TED Talks: We have reason to believe what we don't perceive:

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obvs Eating chickens is for the bourgeoisie
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In this TED Talk, you can hear why there's good reason to question whether what we're perceiving is actually reality or just an approximation constructed by our brains.

He's admittedly not the most captivating speaker, but the subject matter is very interesting, and even gets into the nature of consciousness.
maurvir Outlier
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I felt like he did a fine job presenting his material myself, but I tend to like a more dry approach to these talks.

As for the material, I think most people who have done any research in the area understand that what we perceive as reality is a complex illusion. We couldn't function otherwise, as it would take too long to process the world if we had to do it the "hard way". Still, I'm always fascinated to learn more on the topic.

The key is to realize that, while what we perceive may be an illusion, it is based on the real world around us. In his example, there really is an object we call a tomato, and most people will come to an agreement on its color, shape, size, etc. Our own perception is unique, but closely correlated with other viewer's perceptions of the same object.
ukimalefu Wasn't me
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user Stupid cockwomble
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:: flips Morpheus off and takes the damn blue pill ::
Metacell Chocolate Brahma
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Even extension in time and space are properties of our sensory perceptions. Sure, we can measure them...we can also measure colors and they are not properties of external reality either.
Metacell posted:
Even extension in time and space are properties of our sensory perceptions. Sure, we can measure them...we can also measure colors and they are not properties of external reality either.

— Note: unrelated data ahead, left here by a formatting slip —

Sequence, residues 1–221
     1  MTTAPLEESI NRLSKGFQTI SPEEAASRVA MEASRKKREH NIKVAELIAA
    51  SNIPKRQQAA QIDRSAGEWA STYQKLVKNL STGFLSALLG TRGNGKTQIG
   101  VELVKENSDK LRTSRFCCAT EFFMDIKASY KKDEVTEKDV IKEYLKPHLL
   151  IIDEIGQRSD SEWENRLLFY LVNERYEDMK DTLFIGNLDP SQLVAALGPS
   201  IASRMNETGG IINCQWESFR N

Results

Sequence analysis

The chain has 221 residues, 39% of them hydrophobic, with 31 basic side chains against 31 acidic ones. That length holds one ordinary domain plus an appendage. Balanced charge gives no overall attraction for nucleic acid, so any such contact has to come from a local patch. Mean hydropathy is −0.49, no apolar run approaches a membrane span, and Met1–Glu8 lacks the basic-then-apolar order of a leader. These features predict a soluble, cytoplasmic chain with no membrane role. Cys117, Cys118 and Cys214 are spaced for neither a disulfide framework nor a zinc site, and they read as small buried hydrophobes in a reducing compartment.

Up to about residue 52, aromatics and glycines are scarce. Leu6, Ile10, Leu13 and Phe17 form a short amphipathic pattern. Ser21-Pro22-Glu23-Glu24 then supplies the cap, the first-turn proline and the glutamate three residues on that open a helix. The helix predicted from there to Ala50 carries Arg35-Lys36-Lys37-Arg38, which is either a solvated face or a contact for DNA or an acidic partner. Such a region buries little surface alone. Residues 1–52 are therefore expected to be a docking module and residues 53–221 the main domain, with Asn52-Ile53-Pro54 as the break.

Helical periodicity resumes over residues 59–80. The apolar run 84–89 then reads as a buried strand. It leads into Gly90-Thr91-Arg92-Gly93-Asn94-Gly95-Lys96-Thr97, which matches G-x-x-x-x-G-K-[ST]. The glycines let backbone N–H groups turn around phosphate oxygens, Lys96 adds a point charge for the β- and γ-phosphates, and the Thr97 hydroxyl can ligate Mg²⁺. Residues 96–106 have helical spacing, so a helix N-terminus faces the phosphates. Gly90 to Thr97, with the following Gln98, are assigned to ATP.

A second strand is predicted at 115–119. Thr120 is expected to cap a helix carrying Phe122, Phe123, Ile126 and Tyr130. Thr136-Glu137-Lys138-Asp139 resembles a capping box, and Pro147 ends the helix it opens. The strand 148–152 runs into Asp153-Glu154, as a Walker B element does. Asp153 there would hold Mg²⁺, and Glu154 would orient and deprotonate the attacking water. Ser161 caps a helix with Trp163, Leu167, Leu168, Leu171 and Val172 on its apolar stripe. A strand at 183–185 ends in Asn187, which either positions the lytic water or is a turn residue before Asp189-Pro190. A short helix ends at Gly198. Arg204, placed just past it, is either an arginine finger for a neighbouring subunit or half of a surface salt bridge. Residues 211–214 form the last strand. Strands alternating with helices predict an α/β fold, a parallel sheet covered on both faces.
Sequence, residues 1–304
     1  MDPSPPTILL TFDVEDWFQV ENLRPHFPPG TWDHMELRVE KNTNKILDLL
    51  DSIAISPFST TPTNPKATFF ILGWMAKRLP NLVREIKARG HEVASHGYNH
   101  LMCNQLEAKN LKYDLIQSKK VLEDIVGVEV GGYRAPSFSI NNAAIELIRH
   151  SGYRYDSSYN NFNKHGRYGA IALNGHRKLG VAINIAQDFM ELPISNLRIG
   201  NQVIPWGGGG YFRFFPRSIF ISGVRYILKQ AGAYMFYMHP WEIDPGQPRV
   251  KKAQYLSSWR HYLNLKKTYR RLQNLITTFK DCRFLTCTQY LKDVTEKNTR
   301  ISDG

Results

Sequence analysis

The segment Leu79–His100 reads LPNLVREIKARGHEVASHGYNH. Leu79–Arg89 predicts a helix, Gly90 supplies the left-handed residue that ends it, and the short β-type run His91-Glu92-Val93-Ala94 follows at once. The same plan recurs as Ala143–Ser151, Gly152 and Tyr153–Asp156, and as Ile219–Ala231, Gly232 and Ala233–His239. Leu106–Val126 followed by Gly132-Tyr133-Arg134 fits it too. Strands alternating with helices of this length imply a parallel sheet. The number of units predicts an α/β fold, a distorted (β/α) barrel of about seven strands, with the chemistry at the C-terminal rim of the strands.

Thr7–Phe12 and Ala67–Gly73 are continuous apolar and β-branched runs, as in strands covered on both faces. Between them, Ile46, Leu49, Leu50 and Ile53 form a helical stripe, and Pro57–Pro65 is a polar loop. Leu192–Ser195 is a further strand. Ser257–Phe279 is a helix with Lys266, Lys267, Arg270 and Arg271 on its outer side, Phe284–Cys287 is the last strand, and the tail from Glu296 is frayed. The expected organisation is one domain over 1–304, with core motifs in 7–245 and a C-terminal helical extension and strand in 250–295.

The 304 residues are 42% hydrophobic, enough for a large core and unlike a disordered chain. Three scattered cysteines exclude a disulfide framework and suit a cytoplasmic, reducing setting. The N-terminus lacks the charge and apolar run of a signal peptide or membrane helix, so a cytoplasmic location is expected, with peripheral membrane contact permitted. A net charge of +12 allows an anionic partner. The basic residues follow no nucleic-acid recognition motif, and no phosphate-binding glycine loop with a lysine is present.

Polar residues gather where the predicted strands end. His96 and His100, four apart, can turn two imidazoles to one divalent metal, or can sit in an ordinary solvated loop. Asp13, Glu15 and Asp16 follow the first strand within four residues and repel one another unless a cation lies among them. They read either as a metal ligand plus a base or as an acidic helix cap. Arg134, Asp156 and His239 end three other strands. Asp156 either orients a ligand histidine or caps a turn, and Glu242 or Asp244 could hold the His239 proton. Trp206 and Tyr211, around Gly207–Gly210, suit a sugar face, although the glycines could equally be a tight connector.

Ok, this kind of talk always gets my philosophical goat.

Here's the thing: the reality we phenomenally experience, with colors and time and space etc, is the only version of reality we have access to.

So, anytime anyone says that there is some kind of plane of existence that is more real than what we take as given to be real, its a load of crap.

And sure, there are measurements and formulas that show us a much more abstract description of reality (like science), which phenomena can be reduced to in one sense, so that color is an aspect of QED or whatever, but the fact that this level of abstraction is available as well as the direct experience of phenomena doesn't make one "more real" than the other. They are both very real and we navigate each one for different purposes as regards to whichever is more pragmatically important.

In other words, the world of colors and time and space is the same world as the world of string equations or quantum physics or whatever just told from different perspectives. They harmonize with our intentional needs and experiences pragmatically, not holistically or from a gods eye point of view, because we dont have a gods eye point of view, we only have this one, the human one, and these perspectives are all still human perspectives. Just saying.

Not that you meant to imply anything like that, but like I said, its an implication that irritates me.
Metacell Chocolate Brahma
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I don't mean to imply that the reality we share isn't..uh..real...just that its a strictly human perception of it, and not in any sense a direct experience of it's true nature. For example, we don't actually see in 3 dimensions...we see two 2 dimensional images which combine to give us depth perception via parallax displacement, although one eye is enough to distinguish depth through foreshortening if the scene contains recognized objects. But neither of these phenomenon actually exist as part of the external world. Nevertheless, when we imagine a scene in the world, we usually do so in our mind as we do with our eyes. A blind person, on the other hand, does not imagine the world in this fashion...e.g. they perceive a cube by touch and can "see" all six sides of it at once, an actual 3D representation, while the rest of us can only see 3 sides at most (of course, we can see as a blind person too, but we have usually learned to gather information by vision first). Those born blind who gain their vision later in life take some time to learn to match what they are seeing with what they have previously understood of their structure.